Analysis Culture

Spotlight: Veteran Candidates — Gina Ortiz Jones (TX-23)

This article is part of a series on veteran candidates for the House of Representatives in toss-up districts. Part One of the series can be found here.

This article should not been seen as an endorsement of any political candidate or party, and does not represent the views of The Freq Media.

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Democrats and political analysts have claimed Texas will go blue, eventually, for years. Election after election, they’ve claimed “This will be the year!” As the 2018 midterm approaches, and Democrats are engaged in a number of high-profile races, namely the one between Senator Ted Cruz (R) and Congressman Beto O’Rourke (D), this year might finally be the year that Texas at least turns purple. Into the midst of these complicated state politics comes Gina Ortiz Jones.

Jones may be a political newcomer, this being her first attempt at an elected office, but she is no stranger to the struggles of everyday Texans or public service. The daughter of an immigrant and single mother, Jones grew up watching her mother work multiple jobs to keep the family afloat, living in subsidized housing, and relying on reduced lunch at school. Even so, Jones valued education and worked hard to elevate herself. She was awarded an Air Force ROTC scholarship to Boston University, where she majored in both Economics and East Asian Studies, and received an M.A. in Economics as well.

Jones spent three years on active duty as an intelligence officer, serving in Iraq and achieving the rank of Captain. Returning to Texas in 2006 to care for her mother, she later continued serving as a civilian, first with U.S. Africa Command, and later with the Defense Intelligence Agency. Eventually, she served in the Executive Office of the President, working under the U.S. Trade Representative as Director for Investment, a post she held under both Presidents Obama and Trump, until her departure in 2017.

Jones receiving an award in the Air Force.

Jones faces a difficult race. A New York Times and Siena College poll “shows Trump with a 48 percent approval rating in the district, while 47 percent of residents disapprove. Forty-nine percent would prefer that Republicans retain control of the U.S. House of Representatives, and 45 percent want Democrats in control.”

Jones’ opponent is Representative Will Hurd (R), who also sports impressive national security credentials. President of his class at Texas A&M, Hurd served nearly a decade in the Central Intelligence Agency, working undercover. Hurd has been described as a moderate Republican, pushing back against President Trump’s stances on immigration and Russian election-meddling. Jones is attempting to more closely associate Hurd to Trump, claiming that his voting record aligns him closely to the administration. These messages have had trouble landing effectively — as of an october poll, Hurd led Jones 53 points to 38.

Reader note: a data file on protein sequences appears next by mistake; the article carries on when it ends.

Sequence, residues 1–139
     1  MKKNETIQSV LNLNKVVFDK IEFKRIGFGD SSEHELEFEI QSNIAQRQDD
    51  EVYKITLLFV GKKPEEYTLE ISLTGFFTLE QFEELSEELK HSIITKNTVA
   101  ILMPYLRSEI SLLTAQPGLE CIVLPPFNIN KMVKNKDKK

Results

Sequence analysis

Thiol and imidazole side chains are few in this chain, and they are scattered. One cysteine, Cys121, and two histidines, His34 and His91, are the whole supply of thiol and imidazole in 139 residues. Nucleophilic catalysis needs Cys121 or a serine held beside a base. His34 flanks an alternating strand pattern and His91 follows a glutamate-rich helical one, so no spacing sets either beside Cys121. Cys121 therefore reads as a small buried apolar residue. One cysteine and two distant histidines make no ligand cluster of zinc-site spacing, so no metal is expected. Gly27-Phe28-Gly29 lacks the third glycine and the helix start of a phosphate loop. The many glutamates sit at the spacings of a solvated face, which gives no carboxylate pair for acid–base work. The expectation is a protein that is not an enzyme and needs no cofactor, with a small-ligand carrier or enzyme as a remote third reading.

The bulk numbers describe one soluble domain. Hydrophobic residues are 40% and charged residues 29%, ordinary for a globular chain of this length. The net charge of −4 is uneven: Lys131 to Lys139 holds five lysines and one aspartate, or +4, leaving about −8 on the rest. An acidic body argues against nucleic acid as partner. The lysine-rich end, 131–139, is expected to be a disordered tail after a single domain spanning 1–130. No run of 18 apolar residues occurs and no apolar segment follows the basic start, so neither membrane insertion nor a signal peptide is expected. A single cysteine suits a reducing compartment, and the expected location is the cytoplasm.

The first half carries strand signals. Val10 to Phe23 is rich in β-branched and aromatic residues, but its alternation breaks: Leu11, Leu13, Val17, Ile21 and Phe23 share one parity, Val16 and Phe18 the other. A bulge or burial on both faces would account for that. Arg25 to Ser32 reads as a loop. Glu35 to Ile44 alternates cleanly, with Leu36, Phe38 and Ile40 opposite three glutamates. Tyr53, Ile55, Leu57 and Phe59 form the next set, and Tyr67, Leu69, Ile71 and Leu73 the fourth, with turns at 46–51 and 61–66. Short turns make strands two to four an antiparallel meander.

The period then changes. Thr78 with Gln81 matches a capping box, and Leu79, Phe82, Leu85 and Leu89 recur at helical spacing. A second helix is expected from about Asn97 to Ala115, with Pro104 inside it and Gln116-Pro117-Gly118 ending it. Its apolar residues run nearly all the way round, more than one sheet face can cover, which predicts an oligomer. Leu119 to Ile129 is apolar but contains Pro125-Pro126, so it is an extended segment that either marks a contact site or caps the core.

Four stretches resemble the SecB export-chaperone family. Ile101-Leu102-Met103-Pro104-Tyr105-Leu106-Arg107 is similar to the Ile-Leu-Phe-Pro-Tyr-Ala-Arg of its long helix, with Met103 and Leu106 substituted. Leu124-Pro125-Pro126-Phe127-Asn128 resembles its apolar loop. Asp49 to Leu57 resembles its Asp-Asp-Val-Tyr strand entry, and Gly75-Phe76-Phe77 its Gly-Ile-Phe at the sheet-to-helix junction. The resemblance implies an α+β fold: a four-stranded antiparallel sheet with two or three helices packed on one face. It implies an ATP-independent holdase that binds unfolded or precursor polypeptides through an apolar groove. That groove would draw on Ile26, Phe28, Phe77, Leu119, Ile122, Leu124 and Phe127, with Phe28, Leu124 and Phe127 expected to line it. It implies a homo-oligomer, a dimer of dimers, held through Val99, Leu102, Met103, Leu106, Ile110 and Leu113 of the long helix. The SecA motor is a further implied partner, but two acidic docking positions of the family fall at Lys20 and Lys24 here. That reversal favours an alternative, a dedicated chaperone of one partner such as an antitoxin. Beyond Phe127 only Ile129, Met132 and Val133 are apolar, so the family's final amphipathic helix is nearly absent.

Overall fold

One unknown in the upcoming election is the role of Latino voters. The 23rd Congressional district was one of the Texas districts implicated in a gerrymandering case, for allegedly suppressing the Latino and African-American vote, but was found to be valid by a federal court in August 2017. Democrats are expecting high Latino turnout in the face of Trumpism, as part of an expected “blue wave”, although the historically low Latino turnout is still very much in question.

Here is where Jones stands on top issues in the 2018 election, according to her campaign website:


Jones supports comprehensive reform that reaffirms American values, while ensuring American security. She believes in fully funding Border Patrol and Immigration and Customs Enforcement, while fixing DACA and ensuring families are kept together during the entire process.


Following the progressive Democratic line on this issue, Jones supports a single-payer healthcare system. She sees this beginning with fixing the Affordable Care Act, reducing the control of insurance and pharmaceutical companies on market, and enabling small businesses to access more affordable healthcare for their employees.

Jobs and the Economy

Jones wants to enrich the economies of America and Texas by providing a working minimum wage, investing in advanced job skills training, and investing in infrastructure like high-speed internet. She sees tax reform that raises taxes on the wealthy and corporations as central to these policies as well.

National Security

Jones sees the Trump foreign policy as reactionary. She seeks to bring a common-sense approach to diplomacy, trade deals, and policies that strengthen the American middle class, and benefit our allies and neighbors. She also believes more aggressively fighting climate change is central to our long term national security.

Despite her credentials, Jones faces an uphill battle. Polls have been wrong before, just ask Hillary Clinton, and the unknown Latino vote could certainly shake elections across Texas. Only time will tell if this is finally the year Texas flips, or if Democrats are left looking to 2020.

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